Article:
Around 38% of Aussie employees think that leadership and management can help businesses grow and flourish or struggle and decline.
The future of work is augmented with technology. To help an organization maintain its competitive status quo both in leading the charge and setting into motion mentoring and team development, leaders need to play their role with the right set of skills.
Whether you’re moving up the ladder, pursuing opportunities in new organizations, or switching fields, the higher you get on the hierarchy, skills like leadership and management become more important at every step of the corporate ladder.
Even if you’ve recently jumped to a management or supervisory position, polishing your leadership skills is necessary to perform your new duties to the best of your ability.
Also, know that becoming a great manager and leader takes time, exposure, and experience. The good news is that there are ways to improve your skills and position yourself in your new role successfully. For example, you could enrol in courses such as certificate IV in Leadership & Management online.
You don’t even need to attend classes in person. Plenty of institutes across Australia offers this certificate remotely, allowing you to learn at your own pace.
While you explore these educational avenues, make sure you also indulge the following best practices to hone your skills as a leader:
Learn How to Delegate
As a leader, you must set an example for your teams to follow. And that’s just the start. Your job also involves focusing not on yourself only but on helping others get to the top. And that usually means delegating responsibilities where possible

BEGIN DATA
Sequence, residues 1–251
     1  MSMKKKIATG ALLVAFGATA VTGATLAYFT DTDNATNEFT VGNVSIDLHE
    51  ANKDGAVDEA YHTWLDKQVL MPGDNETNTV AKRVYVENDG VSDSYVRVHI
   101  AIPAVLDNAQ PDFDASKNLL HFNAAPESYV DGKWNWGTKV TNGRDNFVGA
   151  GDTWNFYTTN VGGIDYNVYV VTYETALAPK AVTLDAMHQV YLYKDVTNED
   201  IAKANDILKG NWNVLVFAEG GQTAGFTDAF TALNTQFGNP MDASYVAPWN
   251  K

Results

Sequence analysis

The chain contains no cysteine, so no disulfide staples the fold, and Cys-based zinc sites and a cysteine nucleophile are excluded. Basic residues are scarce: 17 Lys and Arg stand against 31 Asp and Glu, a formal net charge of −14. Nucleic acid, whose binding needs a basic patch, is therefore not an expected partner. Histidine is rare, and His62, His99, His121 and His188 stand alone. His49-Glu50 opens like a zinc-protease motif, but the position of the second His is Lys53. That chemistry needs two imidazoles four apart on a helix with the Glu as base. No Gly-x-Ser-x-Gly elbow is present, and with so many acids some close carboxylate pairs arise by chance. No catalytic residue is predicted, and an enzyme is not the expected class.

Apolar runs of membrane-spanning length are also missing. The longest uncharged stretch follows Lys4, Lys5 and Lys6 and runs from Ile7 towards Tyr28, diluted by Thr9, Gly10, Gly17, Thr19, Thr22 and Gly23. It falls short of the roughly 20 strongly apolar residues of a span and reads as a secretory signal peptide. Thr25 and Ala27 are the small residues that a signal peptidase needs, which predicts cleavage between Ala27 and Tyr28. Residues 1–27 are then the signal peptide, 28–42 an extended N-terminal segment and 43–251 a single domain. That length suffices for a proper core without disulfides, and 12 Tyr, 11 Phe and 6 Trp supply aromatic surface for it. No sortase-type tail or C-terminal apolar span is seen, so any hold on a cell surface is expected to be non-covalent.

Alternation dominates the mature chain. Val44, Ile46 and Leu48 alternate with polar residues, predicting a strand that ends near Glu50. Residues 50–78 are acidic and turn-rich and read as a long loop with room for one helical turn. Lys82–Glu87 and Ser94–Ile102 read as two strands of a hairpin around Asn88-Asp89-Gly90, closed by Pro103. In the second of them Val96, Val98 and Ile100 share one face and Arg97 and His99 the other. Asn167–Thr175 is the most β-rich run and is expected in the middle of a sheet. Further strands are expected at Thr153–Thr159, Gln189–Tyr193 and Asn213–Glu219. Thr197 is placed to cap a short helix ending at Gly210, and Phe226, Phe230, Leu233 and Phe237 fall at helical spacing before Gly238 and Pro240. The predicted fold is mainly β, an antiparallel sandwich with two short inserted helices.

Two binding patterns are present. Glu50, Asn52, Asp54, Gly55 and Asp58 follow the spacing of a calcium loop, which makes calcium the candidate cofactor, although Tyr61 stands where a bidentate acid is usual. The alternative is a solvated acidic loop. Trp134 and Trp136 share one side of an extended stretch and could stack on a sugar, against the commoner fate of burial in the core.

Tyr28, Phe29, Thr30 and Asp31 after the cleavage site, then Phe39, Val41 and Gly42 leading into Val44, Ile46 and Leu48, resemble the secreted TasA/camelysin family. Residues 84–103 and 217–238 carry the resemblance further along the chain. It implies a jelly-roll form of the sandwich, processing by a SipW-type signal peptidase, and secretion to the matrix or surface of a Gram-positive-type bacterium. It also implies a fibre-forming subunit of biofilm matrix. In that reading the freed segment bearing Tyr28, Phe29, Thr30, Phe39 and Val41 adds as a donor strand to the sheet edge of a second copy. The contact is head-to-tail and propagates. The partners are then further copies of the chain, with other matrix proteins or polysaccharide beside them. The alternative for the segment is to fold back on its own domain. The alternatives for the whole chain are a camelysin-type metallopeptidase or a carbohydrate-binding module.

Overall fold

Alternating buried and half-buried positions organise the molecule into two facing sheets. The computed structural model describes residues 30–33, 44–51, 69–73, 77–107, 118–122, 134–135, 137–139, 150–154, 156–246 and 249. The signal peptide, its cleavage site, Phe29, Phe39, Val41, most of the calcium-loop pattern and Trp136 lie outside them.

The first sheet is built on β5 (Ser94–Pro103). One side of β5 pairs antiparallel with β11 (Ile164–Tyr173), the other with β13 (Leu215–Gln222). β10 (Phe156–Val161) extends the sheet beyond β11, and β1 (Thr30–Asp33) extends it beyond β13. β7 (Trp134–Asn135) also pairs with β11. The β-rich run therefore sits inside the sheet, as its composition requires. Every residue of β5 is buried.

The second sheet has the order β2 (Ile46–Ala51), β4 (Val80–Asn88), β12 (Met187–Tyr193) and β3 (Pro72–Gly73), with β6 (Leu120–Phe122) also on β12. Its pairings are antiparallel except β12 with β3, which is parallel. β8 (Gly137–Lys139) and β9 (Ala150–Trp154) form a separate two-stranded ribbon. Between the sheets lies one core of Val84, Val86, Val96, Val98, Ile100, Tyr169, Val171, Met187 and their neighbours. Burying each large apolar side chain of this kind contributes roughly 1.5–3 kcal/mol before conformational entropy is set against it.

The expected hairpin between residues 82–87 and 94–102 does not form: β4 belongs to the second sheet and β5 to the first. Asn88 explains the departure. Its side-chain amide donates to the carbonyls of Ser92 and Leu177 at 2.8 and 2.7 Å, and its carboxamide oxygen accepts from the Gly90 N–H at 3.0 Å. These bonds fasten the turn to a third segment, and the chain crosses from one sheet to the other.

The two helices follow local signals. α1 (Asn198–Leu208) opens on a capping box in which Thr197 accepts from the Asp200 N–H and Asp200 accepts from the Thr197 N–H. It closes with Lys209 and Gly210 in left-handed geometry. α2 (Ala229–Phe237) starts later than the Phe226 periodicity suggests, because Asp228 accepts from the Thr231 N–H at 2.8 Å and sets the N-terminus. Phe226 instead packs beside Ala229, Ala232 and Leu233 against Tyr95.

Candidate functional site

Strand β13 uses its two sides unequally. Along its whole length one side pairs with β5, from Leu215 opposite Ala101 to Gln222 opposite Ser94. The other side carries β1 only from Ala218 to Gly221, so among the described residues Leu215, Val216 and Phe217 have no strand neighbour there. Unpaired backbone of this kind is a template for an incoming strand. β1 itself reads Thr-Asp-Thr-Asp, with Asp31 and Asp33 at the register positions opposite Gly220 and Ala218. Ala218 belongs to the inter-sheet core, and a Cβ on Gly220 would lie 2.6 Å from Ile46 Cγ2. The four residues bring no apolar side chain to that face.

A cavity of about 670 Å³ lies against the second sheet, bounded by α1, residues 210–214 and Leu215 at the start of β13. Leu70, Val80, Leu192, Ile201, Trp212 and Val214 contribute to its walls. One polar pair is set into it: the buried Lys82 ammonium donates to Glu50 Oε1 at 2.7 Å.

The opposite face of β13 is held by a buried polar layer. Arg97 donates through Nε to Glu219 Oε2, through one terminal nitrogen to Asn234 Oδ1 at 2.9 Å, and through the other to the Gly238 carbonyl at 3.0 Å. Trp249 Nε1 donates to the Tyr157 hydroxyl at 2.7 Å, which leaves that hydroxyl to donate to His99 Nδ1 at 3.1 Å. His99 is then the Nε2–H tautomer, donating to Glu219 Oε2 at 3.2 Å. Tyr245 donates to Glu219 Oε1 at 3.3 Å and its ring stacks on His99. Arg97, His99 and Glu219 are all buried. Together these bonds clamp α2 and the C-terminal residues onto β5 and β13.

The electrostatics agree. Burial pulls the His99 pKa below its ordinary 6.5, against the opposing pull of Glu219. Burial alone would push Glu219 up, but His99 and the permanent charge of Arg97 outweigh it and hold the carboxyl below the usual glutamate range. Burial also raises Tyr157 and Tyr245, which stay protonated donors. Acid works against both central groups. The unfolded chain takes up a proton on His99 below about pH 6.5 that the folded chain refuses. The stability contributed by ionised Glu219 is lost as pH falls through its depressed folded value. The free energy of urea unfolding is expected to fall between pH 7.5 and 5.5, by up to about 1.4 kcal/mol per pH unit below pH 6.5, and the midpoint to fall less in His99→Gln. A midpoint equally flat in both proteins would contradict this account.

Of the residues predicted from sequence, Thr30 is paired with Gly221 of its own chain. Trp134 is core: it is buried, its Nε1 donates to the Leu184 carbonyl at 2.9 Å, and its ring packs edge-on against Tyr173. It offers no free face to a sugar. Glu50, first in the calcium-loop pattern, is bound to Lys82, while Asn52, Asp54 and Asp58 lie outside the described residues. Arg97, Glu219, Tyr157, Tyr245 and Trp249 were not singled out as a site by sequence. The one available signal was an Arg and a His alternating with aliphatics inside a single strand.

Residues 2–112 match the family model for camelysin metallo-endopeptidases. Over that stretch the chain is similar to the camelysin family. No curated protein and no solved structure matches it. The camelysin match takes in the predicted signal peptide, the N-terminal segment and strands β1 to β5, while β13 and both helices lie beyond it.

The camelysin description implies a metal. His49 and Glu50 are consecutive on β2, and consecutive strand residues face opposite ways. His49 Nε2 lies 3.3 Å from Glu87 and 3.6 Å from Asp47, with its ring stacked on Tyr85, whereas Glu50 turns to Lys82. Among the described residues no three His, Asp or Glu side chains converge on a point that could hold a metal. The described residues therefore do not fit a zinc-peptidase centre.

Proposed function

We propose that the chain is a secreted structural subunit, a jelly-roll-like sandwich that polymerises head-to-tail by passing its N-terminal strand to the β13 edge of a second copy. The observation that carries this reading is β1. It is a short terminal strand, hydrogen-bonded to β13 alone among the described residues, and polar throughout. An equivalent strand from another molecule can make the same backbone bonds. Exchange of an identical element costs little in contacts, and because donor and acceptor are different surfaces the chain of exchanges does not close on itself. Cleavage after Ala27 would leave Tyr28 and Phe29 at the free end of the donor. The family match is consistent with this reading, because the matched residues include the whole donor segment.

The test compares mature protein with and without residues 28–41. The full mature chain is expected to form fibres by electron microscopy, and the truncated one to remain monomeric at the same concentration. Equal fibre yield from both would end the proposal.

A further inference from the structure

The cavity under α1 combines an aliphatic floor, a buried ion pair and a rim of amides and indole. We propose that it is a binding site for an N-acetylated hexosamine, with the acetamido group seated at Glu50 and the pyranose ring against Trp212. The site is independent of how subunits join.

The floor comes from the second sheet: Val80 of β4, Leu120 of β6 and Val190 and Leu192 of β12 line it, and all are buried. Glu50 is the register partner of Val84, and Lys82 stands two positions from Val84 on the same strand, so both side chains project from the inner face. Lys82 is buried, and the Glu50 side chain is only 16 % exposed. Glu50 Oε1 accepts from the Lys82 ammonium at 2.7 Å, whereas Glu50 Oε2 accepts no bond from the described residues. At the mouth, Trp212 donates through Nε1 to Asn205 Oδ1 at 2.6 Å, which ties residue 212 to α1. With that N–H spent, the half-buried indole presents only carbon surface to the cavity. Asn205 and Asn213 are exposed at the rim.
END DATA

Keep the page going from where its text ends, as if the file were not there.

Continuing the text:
Your “I’ll just do it myself” attitude may streamline your work. But it hurts your team in the long run as they learn nothing on the job working for you. So, it would be best if you fought this urge to tackle tasks alone.
Invest your time and energies in teaching others how to solve a particular problem. This will help prepare your employees for a more productive role and show them that you trust them with important tasks, solidifying their approval of you as a leader.
By delegating, you create an impression among your employees that you value and trust them and their input to get the job done —and that has a positive impact on their morale. Also, providing professional development opportunities to employees helps you learn new skills.
Don’t forget, if your team fails, so do you.
Focus on Building Trust
When employees feel trusted, especially by their direct/indirect managers, they put their heart and soul into the work and are happier in their respective roles. So new managers and leaders must prioritize building confidence among their employees.
Give everyone in your team the opportunity to meet with you one-on-one and ask about their personal and professional goals. Then figure out how you can help them take progressive steps in their career to achieve these objectives.
If they are interested in learning/mastering a particular skill, assign them to a project with designated skills or recommend training options?
Here, the rule is simple – if you invest in their future, they’ll likely feel devoted to your leadership and the organization at large.
Transparency also helps build trust; new managers can practice transparency while making decisions by openly speaking about the implications and results, whether positive or negative, with the team. Sharing information with honesty encourages others to do the same and fosters trust.
Learn to Address Difficult Situations
A good manager should know how to solve disputes effectively e resolution. According to Queensland Government research, on average, 30% of managers spend their time dealing with workplace conflicts.
As a new manager, when you face complicated disputes, your first instinct would be to ignore them in hopes that the problem will resolve itself. And, if you’re someone for whom confrontation is uncomforting, or you don’t like to hurt others’ feelings, then you would be in trouble.